Supernova encounter of a third kind.
Supernovas are intense explosions of stars. The explosion causes such an increase in brightness that the supernova is conspicuous on photos of even fairly distant galaxies. (A supernova in our own galaxy would probably be obvious to everybody without need for telescopes, but we haven't seen one of those in more than 300 years). These explosions are characteristic of the last stages of a star's life cycle.
Astronomers believe that type I supernovas occur when a dying white dwarf star with a mass about that of the sun is overwhelmed by matter falling on it from a nearby companion star. The influx causes the white dwarf to explode. Type II supernovas are attributed to the death throes of much larger stars (more than eight times the sun's mass). In old age such a star transmutes lighter elements to heavier ones. It develops a core of iron surrounded by layers of elements lighter than iron ranging to the lightest, helium and hydrogen, at the outermost. As the star makes more and more heavy elements, the core gets overburdened and implodes, sending out a shock wave that explodes the rest of the star.
Type I and type II supernovas are distinguished from each other by differences in maximum brightness, by their light curves (the way their brightness varies over time) and by their spectra. Type III -- if SN1985f may be called that -- differs from both in all these characteristics, prompting Filippenko and Sargent to call it "peculiar" in the title of their paper on SN1985f, published in the Aug. 1 NATURE.
Because it was a spectroscope that first found SN1985f, the object's spectrum was the first peculiar characteristic to arrest astronomers' attention. The spectrum is dominated by emission lines, bright resonant emissions at wavelengths characteristic of oxygen, sodium and magnesium. The spectra of type II supernovas also show bright emission lines, but the dominant ones are those of hydrogen and helium, the outermost layers of the exploding star. Oxygen, sodium and magnesium should lie deep within the star. SN1985f is also much dimmer than the other two types of supernova. There is evidence that it never achieved the maximum brightness of either type.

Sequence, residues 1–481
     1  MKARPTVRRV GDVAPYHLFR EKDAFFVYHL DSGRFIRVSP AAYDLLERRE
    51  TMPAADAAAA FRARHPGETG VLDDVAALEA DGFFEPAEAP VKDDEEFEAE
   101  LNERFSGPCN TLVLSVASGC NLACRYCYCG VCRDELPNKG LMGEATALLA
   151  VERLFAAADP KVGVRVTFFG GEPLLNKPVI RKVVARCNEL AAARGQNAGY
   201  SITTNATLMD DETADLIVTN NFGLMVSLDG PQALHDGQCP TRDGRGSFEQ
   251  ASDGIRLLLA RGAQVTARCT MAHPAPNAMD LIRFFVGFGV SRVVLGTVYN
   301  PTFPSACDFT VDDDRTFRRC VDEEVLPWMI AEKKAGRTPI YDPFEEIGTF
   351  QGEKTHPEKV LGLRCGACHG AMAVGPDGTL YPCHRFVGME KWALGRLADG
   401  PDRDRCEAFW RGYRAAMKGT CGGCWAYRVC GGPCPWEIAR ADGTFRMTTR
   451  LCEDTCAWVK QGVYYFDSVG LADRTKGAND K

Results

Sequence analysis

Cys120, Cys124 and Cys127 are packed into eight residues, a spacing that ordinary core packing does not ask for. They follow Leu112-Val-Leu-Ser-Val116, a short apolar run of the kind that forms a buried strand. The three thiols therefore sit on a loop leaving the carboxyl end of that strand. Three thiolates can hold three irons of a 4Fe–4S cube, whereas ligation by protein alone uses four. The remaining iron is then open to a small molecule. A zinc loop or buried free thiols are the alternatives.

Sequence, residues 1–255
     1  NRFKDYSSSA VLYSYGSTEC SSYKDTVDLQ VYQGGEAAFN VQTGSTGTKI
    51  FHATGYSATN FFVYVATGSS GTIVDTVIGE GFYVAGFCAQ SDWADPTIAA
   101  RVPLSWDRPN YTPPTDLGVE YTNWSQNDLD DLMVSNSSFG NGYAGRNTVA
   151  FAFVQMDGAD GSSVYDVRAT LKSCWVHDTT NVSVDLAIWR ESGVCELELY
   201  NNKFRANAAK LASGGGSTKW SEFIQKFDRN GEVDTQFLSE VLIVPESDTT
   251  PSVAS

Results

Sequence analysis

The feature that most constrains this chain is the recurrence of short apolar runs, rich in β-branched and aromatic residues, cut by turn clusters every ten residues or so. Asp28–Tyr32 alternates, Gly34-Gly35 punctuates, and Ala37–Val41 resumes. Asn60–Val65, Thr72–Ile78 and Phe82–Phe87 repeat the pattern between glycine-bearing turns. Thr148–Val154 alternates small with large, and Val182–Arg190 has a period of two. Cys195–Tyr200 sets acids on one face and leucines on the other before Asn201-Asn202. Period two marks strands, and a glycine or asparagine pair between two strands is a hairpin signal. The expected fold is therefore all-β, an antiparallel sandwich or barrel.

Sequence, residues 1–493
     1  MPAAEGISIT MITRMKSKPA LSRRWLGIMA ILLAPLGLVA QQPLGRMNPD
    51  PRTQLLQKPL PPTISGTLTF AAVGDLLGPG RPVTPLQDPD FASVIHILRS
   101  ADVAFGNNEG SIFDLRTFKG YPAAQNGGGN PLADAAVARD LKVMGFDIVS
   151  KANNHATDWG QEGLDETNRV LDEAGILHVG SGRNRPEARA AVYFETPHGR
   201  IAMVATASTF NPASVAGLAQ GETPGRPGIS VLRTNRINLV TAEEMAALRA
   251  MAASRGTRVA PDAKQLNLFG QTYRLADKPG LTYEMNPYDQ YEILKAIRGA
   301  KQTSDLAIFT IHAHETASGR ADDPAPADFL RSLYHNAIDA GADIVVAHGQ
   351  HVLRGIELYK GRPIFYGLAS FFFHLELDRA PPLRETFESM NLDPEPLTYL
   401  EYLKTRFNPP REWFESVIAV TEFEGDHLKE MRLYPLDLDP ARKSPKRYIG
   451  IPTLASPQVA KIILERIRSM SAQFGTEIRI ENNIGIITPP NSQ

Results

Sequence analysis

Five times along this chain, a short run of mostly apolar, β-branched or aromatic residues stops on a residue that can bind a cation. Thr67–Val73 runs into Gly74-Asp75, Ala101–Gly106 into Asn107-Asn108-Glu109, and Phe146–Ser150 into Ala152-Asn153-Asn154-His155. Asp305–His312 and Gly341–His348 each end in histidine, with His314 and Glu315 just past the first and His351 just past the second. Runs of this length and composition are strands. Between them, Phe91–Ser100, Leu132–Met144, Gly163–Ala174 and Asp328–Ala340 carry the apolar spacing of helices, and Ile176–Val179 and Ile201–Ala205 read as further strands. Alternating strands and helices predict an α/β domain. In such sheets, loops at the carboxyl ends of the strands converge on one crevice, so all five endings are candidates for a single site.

Filippenko and Sargent point out that these characteristics seem to match those of a kind of "peeled" supernova posited some time ago by Roger A. Chevalier of the University of Virginia in Charlottesville. He suggested that a star that had somehow lost its outer layers would explode into a supernova much fainter than a usual type II. But Chevalier did not say -- nor a ppararently has anyone else -- how such a star might lose its outer layers.
Other astronomers have been rushing to observe SN1985f. One of them, Michael De Robertis of the Lick Observatory, at the University of California at Santa Cruz, points out another peculiarity: In spectra he has taken between March and July, the intensity of the emission lines does not change. Those of known types of supernova do change over such a 90-day period. This "calls into question" the designation of the object as supernova, he says. But if it is not a supernova, neither De Robertis nor apparently any other astronomer has suggested what else it might be.
If SN1985f is the representative of a new class of supernova, Filippenko and Sargent point out, it can explain certain strange objects that astronomers have classed as supernova remnants: Cassiopeia A, a very famous radio source; the object N132D in the Large Magellanic Cloud; and "the extraordinary object in NGC4449." Supernova remnants are the clouds of ejecta thrown out by the explosion, which continue to emit light and/or radio for centuries and millennia. From the present condition of Cas A, astronomers can calculate that its explosion should have happened in 1665, but there are no contemporary records of a sighting. It it was type III, it may have been too dim for the naked eye.